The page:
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Journal Article

Citation

Rodriguez A, Casanova V, Levin JL, Gimeno Ruiz de Porras D, Douphrate DI. J. Agromed. 2019; ePub(ePub): ePub.

Affiliation

University of Texas, School of Public Health in San Antonio , Texas , USA.

Copyright

(Copyright © 2019, Informa - Taylor and Francis Group)

DOI

10.1080/1059924X.2019.1567423

PMID

30624156

Abstract

BACKGROUND: The U.S. logging sector represents is among the most dangerous industrial sectors, with high fatality and non-fatal injury rates. Limited research has addressed work-related musculoskeletal disorders among logging machine operators (LMOs). The purpose of this study was to estimate the 12-month prevalence of musculoskeletal symptoms and the associated work-related risk factors among logging machine operators in the Arkansas, Louisiana, and Texas (Ark-La-Tex) logging region.

METHODS: A self-administered 93-item questionnaire with six different sections: (1) demographics, (2) lifestyle and medical background, (3) work experience, (4) job training, (5) occupational heat-related stress, and (6) occupational injuries and MSS. was administered to logging machine operators (n=88) using Qualtrics Mobile Survey Software®. Poisson regression models were used estimate crude prevalence ratios (PR), adjusted PR [aPR], and corresponding 95% confidence intervals (95% CI).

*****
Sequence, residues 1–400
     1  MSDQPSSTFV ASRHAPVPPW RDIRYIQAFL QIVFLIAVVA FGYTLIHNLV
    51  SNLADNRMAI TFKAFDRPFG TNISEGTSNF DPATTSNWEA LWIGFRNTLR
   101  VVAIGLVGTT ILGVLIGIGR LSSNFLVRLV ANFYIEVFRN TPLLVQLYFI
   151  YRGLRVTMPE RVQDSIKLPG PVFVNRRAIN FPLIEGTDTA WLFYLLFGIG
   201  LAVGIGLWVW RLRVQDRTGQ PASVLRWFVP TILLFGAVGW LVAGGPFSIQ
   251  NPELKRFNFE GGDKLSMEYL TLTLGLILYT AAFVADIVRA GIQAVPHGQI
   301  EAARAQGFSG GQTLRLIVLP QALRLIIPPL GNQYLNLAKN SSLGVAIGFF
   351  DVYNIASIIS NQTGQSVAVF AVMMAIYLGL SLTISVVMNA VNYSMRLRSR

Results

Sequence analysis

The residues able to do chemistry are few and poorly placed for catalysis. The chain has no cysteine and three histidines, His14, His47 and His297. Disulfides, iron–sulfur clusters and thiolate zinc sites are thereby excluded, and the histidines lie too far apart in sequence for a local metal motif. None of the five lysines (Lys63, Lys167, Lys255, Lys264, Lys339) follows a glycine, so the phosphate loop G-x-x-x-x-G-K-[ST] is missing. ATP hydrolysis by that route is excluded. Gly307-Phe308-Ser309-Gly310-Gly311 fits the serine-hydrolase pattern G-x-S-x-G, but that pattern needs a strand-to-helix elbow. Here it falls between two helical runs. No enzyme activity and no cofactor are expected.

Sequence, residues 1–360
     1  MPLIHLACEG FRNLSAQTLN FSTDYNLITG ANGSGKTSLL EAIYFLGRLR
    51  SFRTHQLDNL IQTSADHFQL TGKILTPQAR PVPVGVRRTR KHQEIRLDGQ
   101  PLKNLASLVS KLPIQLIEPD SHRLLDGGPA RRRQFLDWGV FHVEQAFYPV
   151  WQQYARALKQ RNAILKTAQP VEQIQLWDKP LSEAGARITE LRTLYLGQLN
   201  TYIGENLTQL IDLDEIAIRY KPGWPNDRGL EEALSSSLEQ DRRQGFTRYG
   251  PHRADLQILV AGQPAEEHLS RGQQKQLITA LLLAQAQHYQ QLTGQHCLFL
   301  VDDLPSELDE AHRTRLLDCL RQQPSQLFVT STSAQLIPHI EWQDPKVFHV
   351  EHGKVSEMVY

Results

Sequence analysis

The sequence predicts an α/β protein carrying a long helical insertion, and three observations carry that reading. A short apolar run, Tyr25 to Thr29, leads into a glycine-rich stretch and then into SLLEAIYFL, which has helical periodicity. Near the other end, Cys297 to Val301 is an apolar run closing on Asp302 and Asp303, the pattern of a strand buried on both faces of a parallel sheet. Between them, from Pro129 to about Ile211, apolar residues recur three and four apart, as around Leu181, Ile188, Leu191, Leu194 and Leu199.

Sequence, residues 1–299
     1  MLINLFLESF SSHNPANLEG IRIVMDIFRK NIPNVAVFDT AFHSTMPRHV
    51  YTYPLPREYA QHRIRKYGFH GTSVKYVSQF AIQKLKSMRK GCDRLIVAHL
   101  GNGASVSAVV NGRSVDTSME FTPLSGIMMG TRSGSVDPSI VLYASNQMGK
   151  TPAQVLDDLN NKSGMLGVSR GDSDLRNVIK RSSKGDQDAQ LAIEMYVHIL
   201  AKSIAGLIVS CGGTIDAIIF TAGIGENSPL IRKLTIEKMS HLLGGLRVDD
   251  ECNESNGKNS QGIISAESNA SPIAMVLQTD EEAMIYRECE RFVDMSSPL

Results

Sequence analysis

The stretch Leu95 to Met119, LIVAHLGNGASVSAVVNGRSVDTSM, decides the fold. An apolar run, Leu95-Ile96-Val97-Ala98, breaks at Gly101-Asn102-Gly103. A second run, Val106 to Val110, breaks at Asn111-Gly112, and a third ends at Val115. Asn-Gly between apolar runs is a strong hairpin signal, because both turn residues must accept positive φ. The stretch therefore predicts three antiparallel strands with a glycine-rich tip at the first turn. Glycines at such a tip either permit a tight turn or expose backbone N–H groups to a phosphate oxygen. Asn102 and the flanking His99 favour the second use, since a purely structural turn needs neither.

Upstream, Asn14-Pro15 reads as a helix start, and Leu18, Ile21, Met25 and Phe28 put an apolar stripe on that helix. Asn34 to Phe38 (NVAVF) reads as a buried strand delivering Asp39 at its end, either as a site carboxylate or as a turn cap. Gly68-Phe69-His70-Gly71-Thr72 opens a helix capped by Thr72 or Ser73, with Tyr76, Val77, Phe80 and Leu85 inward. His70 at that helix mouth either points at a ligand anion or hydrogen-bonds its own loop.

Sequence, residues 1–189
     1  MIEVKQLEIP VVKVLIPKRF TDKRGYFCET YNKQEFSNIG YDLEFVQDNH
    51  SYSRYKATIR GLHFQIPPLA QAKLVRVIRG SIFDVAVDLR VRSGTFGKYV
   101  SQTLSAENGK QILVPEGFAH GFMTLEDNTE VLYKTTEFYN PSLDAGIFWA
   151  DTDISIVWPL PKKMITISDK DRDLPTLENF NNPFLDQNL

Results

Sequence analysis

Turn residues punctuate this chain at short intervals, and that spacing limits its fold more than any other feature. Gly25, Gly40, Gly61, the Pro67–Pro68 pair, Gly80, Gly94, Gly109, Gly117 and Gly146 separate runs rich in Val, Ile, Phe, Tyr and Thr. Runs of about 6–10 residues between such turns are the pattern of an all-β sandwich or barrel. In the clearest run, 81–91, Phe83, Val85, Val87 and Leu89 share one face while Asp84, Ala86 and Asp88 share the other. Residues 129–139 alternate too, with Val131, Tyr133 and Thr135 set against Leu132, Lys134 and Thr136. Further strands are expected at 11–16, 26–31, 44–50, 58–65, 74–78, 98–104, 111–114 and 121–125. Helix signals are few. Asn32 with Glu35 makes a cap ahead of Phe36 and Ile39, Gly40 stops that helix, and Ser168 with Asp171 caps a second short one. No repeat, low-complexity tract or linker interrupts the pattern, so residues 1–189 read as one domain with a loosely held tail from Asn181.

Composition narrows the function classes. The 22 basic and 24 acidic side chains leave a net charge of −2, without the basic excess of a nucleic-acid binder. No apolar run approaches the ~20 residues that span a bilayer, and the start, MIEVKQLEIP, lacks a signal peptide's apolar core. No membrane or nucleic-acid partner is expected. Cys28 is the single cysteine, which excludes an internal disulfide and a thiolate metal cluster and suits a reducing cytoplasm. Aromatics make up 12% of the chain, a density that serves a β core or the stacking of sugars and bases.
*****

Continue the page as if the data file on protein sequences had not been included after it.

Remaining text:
RESULTS: Regarding organizational, ergonomic, and handling equipment occupational factors and 12-month MSS prevalence, the adjusted model controlled for age, BMI, smoking status, and drinking status. For organizational, the most problematic factors for the lower back were performing a task over and over (63.2%) and working very fast, for short periods (60.0%). For ergonomics, the most problematic factor for the lower extremities was awkward or cramped conditions (58.1%) and for the lower back was bending/twisting back awkward (55.9%). Last, for handling equipment, the most problematic for both the lower back and lower extremities was handling or grasping small objects (57.1%).

CONCLUSION: Our findings revealed associations between work-related MSS and specific job factors (e.g., organizational, ergonomic, handling equipment, etc.), extreme environmental conditions or environmental, and personal risk factors. In particular, study findings suggest lower back and lower extremities MSS are associated with the a majority of job-related risk factors, lower extremities with extreme environmental conditions, and neck and upper back with personal risk factors.


Language: en

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